November 12th, 2020
“Look out kid
They keep it all hid
Better jump down a manhole
Light yourself a candle
Don’t wear sandals
Try to avoid the scandals
Don’t wanna be a bum
You better chew gum
The pump don’t work
‘Cause the vandals took the handles”
Subterranean Homesick Blues – Bob Dylan
“And it wasn’t no way to carry on
It wasn’t no way to live
But he could up with it for a little while
He was working on something big”
Something Big – Tom Petty
Monday morning was unseasonably warm. I parked the Focus at the McKinley Marina. Lake Michigan sparkled blue in the sunshine. I walked across Lincoln Memorial Drive to the coffee shop.
The café is called “Colectivo”. It tries to be trendy. Currently, it is very strict on social distancing. There is no indoor seating, and the employees want the customers to order their lattes and get the hell out of the building. I bought a small black coffee, and found a seat at a table near the street. I was waiting for Kevin to show up. He is a friend of mine from the Zen Center. We hadn’t seen each other (in person) for quite a while.
As I sat there, I saw a young man walking along the street, coming my direction. He was thin and bearded. He wore a knit cap and a t-shirt. He seemed to be deep in conversation with someone I couldn’t see. In this day and age, it is not unusual to see somebody who appears to be talking to himself. I looked to see if the young man had a cell phone or earbuds. Nope. He really was having an internal conversation out loud.
The young guy came over to my table. I seem to attract people like that. He had dark curly hair that was uncombed and unwashed. His eyes were feverish, and they darted in all directions, even when he was talking to me. He asked me for money, which was no surprise.
I told him that my name was Frank, and I asked him for his name.
He replied, “John. It’s John.” He looked around, and continued, “We’re by the street, so I could be ‘John of the Street’, or maybe ‘John of the Lake’. Yeah, that would be good.”
I pulled out my wallet and handed him a ten. He took the bill without looking at it, and slid it into a greasy pants pocket.
I asked him, “So, what are you going to do today?”
He gave me a sly smile, and said in a low, conspiratorial voice, “I can’t really talk about that.”
That made me remember my brother, Chuck. For a while, Chuck lived at the Milwaukee Rescue Mission. He got thrown out of his hotel room, and he had nowhere else to go. I used to visit with him there on Monday evenings, before I went to meditation practice at the Zen Center. Sometimes, I took Chuck out for a meal. Sometimes we just talked. I remember that the weather was warm while he was staying at the mission, so we usually talked outside where Chuck could smoke.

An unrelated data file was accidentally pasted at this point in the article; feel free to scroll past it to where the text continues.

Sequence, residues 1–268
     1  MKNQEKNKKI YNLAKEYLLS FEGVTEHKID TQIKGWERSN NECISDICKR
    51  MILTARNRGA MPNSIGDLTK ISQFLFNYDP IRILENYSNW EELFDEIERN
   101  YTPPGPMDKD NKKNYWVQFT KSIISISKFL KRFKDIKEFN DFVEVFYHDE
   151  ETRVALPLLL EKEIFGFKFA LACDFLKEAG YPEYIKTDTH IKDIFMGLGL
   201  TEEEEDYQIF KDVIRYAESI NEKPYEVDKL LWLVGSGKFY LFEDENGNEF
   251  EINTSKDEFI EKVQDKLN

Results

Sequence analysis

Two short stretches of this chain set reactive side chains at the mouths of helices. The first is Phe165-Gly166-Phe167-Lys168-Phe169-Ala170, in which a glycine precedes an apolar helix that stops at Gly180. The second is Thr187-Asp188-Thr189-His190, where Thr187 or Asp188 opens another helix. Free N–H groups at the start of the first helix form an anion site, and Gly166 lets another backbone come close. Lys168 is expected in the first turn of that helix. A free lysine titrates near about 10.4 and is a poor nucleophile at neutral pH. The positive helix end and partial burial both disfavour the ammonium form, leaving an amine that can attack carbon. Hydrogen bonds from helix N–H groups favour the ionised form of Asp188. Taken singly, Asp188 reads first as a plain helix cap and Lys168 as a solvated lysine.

The other residents of the mission were outside too. They were all hustling. They were all talking shit about some deal they were working. All of them were convinced that they could beat the system, when it was obvious that the system had already beaten them.
Some guy was trying sell single cigarettes to his compadres. Other guys were drinking sodas. Chuck smiled as he told me about some scam he had going.
“Yeah, this guy came here and he wants some of us to clean out this bar he’s remodeling. It’s a good gig. Just cash. I won’t need to worry about paying any taxes.”
Chuck talked like he was making the deal of the century. All these guys were talking like that. Their lives were in tatters, but they were all working on something big.
Chuck is long dead. He drank himself to death. I think the official cause of death was a heart attack, but the booze killed him. He died alone in some shitty, low income apartment. The building reeked of stale cigarette smoke. The apartment was on a floor where the walls were all painted a dingy, bureaucratic green, and signs were posted saying, “Don’t take other people’s ‘meals on wheels’.” One room had a note on the door which read, “Want cigarettes? There’s a Walgreens down the block. Go there.”
I looked again at the young man standing next to me. He was muttering to himself. He looked at me, but he didn’t see me. His mind was far away. He was having this lively conversation with voices I couldn’t hear. The words made total sense to him, but they were gibberish to me. It was like listening to the lyrics from Subterranean Homesick Blues without any of the music.
Eventually, having forgotten me, the young man simply wandered off.
Kevin came over to me. He had just walked out of Colectivo. He said,
“Hey man, can you buy me a coffee? My card doesn’t work, and these guys won’t take cash.”
I told him, “Sure. Why not? You’re not the first guy to hit me up for money today.”